Those that can only complain that life isn't fair, generally don't do as well.
    Last edited: Jul 22, 2018
  10. iceaura Valued Senior Member

    Try dealing with my actual posts, instead of these little fantasies, why not?
    Nowhere in my posts has the term "upper 2/3" appeared, for example.
    And you can find dishwashers who own houses in Seattle, as well. So? These people are not making rational economic decisions, you said.
    The posts. What I post. You know something about that - you don't know jack shit about what's in my mind other than what I post, and that's why you are always wrong when you guess.
    Nothing like that appears anywhere on this thread.
    Which proves the unemployment rate is not worth much as a measure of how well the economy is doing.
    Why are you obsessed with things being "fair"?
    Since 1982 or thereabouts, when constraints on inequality growth were removed, most people in the US have been doing less ok than if inequality had been constrained as in the fifty years prior. And it's going to continue to get worse, unless something is done about that massive burden of inequality we have accumulated over forty years and more.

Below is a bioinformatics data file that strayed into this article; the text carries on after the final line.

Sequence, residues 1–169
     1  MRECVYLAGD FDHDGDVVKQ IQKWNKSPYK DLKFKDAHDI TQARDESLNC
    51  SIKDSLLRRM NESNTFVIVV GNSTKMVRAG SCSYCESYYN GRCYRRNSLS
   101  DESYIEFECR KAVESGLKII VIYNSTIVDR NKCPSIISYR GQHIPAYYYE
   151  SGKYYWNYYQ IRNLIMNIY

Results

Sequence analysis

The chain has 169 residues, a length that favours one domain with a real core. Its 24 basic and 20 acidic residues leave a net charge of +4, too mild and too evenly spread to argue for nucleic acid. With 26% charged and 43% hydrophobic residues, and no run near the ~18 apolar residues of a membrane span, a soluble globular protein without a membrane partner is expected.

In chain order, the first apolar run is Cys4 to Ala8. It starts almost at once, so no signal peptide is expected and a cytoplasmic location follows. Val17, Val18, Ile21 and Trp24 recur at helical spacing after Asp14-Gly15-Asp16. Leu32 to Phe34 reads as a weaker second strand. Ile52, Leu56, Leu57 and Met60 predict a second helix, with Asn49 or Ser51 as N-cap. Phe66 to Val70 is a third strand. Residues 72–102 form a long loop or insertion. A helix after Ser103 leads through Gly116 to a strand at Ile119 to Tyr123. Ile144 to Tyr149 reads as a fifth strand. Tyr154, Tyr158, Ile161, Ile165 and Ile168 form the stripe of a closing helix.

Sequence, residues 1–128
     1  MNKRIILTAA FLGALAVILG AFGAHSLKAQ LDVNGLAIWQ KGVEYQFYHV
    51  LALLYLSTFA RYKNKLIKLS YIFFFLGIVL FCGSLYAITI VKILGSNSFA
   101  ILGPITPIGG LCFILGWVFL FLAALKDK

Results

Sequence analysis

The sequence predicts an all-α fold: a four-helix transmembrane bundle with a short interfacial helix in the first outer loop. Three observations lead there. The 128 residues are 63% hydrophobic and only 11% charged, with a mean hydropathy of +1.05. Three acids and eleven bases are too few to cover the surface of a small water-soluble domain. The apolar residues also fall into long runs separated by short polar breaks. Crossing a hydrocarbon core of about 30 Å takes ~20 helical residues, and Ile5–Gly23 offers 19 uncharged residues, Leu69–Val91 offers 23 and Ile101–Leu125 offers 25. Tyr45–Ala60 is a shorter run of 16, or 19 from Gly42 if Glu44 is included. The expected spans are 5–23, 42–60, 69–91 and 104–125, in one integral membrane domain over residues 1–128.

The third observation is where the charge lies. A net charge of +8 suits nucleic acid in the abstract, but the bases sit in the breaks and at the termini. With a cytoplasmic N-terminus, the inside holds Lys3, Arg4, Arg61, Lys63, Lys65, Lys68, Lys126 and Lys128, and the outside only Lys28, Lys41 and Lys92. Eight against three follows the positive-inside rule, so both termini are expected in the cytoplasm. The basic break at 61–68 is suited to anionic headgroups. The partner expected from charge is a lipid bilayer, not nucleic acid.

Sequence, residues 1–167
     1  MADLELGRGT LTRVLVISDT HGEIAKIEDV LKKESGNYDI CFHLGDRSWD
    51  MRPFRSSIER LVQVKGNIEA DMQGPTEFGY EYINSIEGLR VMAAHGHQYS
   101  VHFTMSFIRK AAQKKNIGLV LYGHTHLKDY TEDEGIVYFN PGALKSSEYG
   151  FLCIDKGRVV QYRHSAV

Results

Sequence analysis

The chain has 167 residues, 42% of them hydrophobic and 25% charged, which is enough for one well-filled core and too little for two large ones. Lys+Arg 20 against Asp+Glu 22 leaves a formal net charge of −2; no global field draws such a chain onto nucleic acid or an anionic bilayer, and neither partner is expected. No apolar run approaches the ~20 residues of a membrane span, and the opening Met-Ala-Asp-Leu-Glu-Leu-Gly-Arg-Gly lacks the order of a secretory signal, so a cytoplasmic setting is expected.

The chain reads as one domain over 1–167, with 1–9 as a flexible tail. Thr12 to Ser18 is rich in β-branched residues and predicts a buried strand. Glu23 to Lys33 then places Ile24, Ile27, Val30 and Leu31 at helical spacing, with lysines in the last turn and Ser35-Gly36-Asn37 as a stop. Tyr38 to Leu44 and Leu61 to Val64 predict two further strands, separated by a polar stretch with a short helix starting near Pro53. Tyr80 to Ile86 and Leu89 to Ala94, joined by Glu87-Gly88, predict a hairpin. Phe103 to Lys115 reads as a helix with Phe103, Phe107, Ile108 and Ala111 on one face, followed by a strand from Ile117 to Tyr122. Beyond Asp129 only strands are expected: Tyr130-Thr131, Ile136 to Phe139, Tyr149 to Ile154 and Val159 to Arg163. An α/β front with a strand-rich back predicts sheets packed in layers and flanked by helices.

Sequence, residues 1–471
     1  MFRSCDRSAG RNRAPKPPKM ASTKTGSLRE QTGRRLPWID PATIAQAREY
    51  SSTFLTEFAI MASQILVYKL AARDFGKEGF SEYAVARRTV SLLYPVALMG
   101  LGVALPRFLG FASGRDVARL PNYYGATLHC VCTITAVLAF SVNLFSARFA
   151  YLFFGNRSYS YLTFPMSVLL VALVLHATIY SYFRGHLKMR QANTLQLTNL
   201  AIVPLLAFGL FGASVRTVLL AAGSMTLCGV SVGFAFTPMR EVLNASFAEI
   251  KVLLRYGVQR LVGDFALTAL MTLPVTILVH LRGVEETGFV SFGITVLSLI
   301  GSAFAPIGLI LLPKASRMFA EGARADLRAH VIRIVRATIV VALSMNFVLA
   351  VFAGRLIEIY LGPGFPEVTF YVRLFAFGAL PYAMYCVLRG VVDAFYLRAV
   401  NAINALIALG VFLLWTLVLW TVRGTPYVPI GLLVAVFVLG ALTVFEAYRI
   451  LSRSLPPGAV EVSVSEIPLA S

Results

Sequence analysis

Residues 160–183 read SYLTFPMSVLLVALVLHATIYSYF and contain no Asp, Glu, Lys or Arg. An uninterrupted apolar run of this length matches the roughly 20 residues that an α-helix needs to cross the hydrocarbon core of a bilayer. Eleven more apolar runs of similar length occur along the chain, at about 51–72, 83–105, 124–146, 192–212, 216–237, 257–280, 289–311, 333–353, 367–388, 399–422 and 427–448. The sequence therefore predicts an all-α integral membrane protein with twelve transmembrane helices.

- - -
    This illustrates:
    The basic problem seems to be that you are telling little stories to yourself about what has to be going on, instead of thinking about the evidence and circumstances before you.
  11. Seattle Valued Senior Member

    You appear to be an angry little man but I don't want to jump to any conclusions. You keep talking about "inequality". "Unfair" is a fair representation of that viewpoint.

    There is equality under the law. There isn't economic equality guaranteed under the law nor should it be.

    You think that the only people who don't need help are the top 1/3. Everyone else should get a slice of their income. Look around, most people are doing OK and most people can't be the top 1/3rd.

    If you are a dishwasher and if I have offended you, so be it.